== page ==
banner of Methodology for Determining Motorcycle Operator Crash Risk and Alcohol Impairment

3. Detailed Report of Discussion

Geo-Specific Comparison Data

Geo-Specific Comparison Data are comparison data collected at the sites of crashes in archival datasets. Most likely, crashes would come from the FARS dataset. Field researchers would go to the site of the original crash and stop one or more passing motorcyclists to collect population-at-risk data. Ideally data would be collected at the same time of year, day of the week and time of day as the original crash. If possible, multiple riders would be surveyed at each site. If it is not possible to find riders, or to survey riders at the exact location of the original crash, it may be necessary to obtain riders at a higher-traffic location somewhere near the original site. To do so would reduce the validity of results to some extent. In many ways, this method for collecting comparison data would be similar to the collecting of comparison data within the Contemporary Case Control study. Overall, this study would be very similar to the Geo-General Comparison data study.


This study has many of the same advantages as the Geo-General Comparison Data and Contemporary Case Control studies. The primary advantage of this methodology over the Geo-General study is that comparison data obtained at the location of the original crash may be a more valid comparison than data collected in different neighborhoods, cities or States, as may be the case with the Geo-General approach. The primary advantage over the Contemporary Case Control study is that it takes advantage of archival crash data.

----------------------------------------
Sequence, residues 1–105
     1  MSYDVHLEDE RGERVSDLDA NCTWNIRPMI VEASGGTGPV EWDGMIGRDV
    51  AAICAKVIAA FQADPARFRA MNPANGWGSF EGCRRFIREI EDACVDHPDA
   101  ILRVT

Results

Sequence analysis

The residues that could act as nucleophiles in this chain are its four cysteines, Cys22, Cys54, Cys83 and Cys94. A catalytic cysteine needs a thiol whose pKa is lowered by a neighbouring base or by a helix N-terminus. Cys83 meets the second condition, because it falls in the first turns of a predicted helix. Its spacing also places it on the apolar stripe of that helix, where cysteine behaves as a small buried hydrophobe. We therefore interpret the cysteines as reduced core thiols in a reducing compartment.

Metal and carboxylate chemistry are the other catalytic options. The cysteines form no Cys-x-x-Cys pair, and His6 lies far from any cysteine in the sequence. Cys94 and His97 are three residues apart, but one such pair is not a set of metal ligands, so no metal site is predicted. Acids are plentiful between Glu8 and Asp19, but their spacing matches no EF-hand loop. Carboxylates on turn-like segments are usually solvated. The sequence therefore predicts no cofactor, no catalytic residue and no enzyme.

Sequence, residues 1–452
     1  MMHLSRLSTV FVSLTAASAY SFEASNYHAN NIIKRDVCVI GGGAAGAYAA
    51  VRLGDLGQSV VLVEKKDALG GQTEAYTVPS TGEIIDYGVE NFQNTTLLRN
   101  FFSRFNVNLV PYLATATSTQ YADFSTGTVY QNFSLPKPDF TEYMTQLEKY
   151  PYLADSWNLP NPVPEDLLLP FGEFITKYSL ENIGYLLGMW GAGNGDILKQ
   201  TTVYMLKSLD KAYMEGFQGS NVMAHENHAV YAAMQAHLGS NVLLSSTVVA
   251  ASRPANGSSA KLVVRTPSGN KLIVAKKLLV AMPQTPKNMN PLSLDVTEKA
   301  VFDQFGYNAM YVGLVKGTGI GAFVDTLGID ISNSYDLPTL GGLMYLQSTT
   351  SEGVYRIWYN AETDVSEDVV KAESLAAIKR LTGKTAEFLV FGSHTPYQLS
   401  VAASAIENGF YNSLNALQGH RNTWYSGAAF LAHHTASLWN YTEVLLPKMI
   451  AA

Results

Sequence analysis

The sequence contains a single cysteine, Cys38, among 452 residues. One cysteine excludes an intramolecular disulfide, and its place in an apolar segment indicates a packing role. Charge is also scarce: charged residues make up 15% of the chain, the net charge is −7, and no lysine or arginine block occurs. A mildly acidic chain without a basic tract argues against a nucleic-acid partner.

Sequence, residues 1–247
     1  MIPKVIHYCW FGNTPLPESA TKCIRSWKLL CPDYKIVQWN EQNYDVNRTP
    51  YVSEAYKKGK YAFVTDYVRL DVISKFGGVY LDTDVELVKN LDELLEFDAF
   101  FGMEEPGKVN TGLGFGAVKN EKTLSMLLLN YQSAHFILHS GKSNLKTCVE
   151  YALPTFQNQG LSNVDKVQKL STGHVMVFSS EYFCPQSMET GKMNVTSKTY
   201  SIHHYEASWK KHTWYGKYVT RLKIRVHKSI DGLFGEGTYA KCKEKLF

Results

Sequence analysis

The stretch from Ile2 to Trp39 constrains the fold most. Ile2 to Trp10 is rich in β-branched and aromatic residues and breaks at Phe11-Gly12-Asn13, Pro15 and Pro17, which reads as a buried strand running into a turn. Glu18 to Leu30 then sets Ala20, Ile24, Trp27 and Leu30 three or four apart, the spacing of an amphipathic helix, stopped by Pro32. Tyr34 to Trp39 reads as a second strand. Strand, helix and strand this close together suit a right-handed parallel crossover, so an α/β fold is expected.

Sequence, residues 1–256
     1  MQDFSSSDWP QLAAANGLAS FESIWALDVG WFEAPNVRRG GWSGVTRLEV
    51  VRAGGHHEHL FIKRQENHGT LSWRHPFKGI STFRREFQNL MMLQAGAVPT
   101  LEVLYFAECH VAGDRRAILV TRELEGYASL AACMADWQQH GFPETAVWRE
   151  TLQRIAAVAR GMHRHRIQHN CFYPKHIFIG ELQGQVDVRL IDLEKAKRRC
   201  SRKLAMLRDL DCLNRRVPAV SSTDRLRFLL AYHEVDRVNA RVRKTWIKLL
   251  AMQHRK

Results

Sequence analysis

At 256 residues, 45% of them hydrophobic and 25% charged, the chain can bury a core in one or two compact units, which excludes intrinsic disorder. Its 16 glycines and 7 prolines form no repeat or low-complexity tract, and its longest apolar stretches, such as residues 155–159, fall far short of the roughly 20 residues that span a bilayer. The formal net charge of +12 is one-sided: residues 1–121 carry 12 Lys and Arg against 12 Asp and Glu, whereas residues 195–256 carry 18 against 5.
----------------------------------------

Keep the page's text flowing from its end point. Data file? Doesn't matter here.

The disadvantages of this study are also similar to those of the Contemporary Case Control and Geo-General Comparison Data studies. OMB clearance will be needed to survey riders, and the cooperation of riders, and possibly local law enforcement, will be necessary. The main disadvantages of this study over the Geo-General are that it may be difficult to find riders at the sites of the original crashes, and there will almost certainly be fewer riders surveyed. The main disadvantages compared to the Contemporary Case Control will be the greater time elapsed between case and comparison data and the fact that archival case data will not be as complete nor as accurate as the data collected by a go-team at the crash scene.


The costs associated with this study will be almost entirely in collecting the comparison data. Using archival crash data would result in great savings over the Contemporary Case Control study. However, the cost of obtaining the comparison data would be significantly high; therefore, this methodology has been placed into the high-cost category. It is not certain, but it seems likely, that the Geo-Specific method for collecting comparison data would be more expensive than the Geo-General method, given the labor involved in collecting data for each case, the large number of cases that would be needed, and the high likelihood that finding a motorcycle at some sites would require a long wait, and in some cases no motorcycles would be found.